CenteringPregnancy programs reinforce mothers' self-reflection about their capacity for mothering and their perceived self-image. Women in this study discussed enhanced independence, thoughts of self, and capacity for mothering, which was discussed by other researchers (Klima et al., 2009; Novick, 2004). According to one author, "the prenatal period is when serious doubts can surface about one's ability to deal with labor and develop a healthy relationship with the baby" (Massey et al., 2006, p. 288). The mothers' use of knowledge, resources, and supports provided a foundation for competent and confident mothering despite other stressors in their lives. As in previous research, mothers in this study reported more positive health behaviors, motivation to practice spacing of births, breastfeeding, and stress management to support positive mothering (Baldwin, 2006; Grady & Bloom, 2004; Ickovics et al., 2011; Sheppard et al., 2004).
Supporting each other. The final theme is reflective of the relationships formed between participants, their readiness to provide information and support to each other, and their encouragement of each other in the face of stressful lives and vulnerable families. These supportive relationships, modeled after the positive relationships between healthcare providers and participants in CenteringPregnancy, created a level of mutual support that promoted health for mothers, infants, and their families. Authors reinforced the value of meeting other women and this support as one of the greatest assets of CenteringPregnancy (Kennedy et al., 2009). Kennedy et al. (2009) substantiated that women valued contact with women having similar prenatal experiences, the support of other women, and the friendship established during CenteringPregnancy experiences.
Prior work by the developers of CenteringPregnancy found that women in this group care setting receive higher levels of support from healthcare professionals, each other, and family members than women in traditional prenatal care and that these levels of support have been correlated with positive birth outcomes (Baldwin, 2006; Massey et al., 2006). Successful CenteringPregnancy groups are established according to community and cultural norms and should support group values, traditions, and languages (Rising et al., 2004). Ickovics et al. (2003) proposed that CenteringPregnancy, through the support of connections and encouragement of healthy behaviors, fosters an ongoing positive influence on the entire community.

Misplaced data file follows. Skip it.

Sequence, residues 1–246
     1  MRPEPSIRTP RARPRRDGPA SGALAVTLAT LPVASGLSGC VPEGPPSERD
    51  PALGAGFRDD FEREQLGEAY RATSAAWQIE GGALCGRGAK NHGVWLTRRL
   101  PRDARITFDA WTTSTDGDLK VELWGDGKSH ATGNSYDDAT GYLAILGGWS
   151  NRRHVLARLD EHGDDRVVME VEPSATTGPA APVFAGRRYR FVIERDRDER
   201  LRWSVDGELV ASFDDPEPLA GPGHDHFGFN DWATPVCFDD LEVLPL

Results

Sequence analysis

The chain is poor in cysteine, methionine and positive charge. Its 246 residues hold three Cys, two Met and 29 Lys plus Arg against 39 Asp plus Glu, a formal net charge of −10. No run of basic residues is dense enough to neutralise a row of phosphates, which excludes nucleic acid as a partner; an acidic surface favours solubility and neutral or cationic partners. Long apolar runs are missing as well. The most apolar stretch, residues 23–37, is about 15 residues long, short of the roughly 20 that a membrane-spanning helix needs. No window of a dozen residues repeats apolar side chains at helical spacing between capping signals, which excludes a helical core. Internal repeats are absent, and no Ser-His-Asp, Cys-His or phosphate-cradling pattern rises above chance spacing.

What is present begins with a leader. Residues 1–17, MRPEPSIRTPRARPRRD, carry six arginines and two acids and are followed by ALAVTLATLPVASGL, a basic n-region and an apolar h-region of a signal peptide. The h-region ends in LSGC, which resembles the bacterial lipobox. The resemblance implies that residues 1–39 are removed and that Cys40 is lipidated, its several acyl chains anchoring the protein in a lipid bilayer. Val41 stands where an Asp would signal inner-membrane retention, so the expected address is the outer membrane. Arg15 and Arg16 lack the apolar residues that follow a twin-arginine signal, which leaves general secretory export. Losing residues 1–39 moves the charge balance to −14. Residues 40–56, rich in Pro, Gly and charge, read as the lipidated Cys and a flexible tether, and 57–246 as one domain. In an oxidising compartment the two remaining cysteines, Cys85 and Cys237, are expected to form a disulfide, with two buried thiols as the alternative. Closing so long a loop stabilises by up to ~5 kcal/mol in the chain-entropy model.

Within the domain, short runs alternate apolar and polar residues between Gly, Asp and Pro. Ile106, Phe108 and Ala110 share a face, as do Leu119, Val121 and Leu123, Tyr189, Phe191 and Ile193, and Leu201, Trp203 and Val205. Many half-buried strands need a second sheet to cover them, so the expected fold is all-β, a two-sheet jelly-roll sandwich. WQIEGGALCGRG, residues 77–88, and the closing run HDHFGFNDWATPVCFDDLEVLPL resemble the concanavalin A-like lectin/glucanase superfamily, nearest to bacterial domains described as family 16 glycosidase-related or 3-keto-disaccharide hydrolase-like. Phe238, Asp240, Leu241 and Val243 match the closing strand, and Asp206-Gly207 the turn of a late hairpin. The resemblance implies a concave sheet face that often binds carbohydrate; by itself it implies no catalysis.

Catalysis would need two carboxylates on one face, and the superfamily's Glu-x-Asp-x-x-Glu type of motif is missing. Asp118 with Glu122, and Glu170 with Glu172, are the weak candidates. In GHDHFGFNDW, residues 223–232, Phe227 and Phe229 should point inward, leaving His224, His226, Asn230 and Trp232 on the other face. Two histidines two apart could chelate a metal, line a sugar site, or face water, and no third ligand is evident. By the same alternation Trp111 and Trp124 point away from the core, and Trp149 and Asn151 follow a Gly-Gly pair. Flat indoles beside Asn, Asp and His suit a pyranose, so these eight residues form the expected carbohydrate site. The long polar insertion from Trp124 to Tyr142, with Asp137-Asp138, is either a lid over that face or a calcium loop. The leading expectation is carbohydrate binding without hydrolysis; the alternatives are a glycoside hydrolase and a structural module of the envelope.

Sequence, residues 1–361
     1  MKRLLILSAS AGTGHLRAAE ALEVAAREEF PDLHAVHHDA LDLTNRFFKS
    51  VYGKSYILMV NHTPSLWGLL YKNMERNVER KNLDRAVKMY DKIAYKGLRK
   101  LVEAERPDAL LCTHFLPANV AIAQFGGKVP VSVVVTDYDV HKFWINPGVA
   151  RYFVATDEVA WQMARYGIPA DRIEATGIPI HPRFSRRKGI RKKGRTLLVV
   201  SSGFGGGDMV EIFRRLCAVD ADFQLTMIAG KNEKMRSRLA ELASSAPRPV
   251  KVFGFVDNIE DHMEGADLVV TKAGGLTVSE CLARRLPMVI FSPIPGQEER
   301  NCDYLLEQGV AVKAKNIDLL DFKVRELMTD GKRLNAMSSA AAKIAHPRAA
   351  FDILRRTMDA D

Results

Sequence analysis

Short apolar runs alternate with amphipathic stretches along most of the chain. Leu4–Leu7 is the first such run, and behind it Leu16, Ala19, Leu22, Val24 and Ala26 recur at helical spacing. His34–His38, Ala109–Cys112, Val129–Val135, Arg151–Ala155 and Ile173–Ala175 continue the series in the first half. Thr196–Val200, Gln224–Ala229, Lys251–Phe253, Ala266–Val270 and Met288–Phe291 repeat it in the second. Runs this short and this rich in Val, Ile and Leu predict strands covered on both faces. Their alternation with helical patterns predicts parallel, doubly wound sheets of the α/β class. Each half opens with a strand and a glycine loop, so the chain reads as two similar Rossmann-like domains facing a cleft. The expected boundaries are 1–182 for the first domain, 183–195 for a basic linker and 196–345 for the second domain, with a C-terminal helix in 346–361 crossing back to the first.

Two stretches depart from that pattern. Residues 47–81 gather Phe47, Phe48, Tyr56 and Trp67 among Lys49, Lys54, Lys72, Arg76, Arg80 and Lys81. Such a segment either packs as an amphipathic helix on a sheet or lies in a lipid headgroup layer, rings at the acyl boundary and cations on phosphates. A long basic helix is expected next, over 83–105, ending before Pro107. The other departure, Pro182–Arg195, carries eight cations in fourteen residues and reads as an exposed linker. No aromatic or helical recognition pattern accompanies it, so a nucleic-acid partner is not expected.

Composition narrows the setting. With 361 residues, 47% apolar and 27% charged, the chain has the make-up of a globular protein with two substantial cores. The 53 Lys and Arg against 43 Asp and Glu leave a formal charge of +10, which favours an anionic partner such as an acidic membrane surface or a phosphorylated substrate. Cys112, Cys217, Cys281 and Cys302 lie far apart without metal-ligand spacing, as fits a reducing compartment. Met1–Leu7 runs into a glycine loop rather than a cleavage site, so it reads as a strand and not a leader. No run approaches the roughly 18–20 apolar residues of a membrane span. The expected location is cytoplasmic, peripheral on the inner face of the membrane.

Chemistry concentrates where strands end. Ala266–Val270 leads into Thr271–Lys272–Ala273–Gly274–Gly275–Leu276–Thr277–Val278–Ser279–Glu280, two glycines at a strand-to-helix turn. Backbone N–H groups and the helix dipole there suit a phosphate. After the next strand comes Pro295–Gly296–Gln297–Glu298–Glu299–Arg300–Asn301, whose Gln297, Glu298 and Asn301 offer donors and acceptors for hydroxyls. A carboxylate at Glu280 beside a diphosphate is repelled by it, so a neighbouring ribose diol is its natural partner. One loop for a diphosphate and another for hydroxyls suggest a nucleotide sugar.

In contrast, Baldwin (2006) noted that social support was not found to be significantly greater in CenteringPregnancy programs when compared with traditional prenatal care, indicating a need for further research.
The sample members self-selected into the CenteringPregnancy program and participation in the focus groups, and there was no randomization or random assignment. Not all focus group members were from CenteringPregnancy, potentially limiting the accuracy of findings. In addition, focus group concur inherent limitations associated with group process. It is not known if each participant was able to be candid in her response, whether some participants' thoughts were not heard, or if some focus group members' statements were influenced by the responses of others.
Many of the women interviewed in this study self-identified as having complex lives, high levels of stress, and few resources. CenteringPregnancy appeared to a play critical role in their health and that of their children (Table 4). Klima (2009) identified the key barriers to prenatal care include the brevity of office visits, long wait times, lack of continuity of healthcare providers, and lack of individual-based care. Low-income and minority women may experience even more pronounced obstacles when confronting financial, cultural, or discriminatory barriers (Klima, 2009; Phillippi, 2009). CenteringPregnancy may eliminate or reduce these barriers. Group prenatal care may provide important personalization of care and group support especially vital for marginalized women and families. Not only does CenteringPregnancy provide for the support, education, and referral by professionals, but it also fosters caring and advocacy skills among group members that may have current and long-term health implications. In light of these very positive findings, and those demonstrated in the literature, CenteringPregnancy may be a worthwhile program for selected populations of women during their pregnancy. Ongoing research is warranted to determine the effectiveness, cost-efficiency, and cultural appropriateness of CenteringPregnancy to meet the needs of women and families who are most at risk for being disenfranchised from traditional prenatal care models.
Centering Healthcare Institute/Centering Pregnancy Overview:
American College of Nurse Midwives: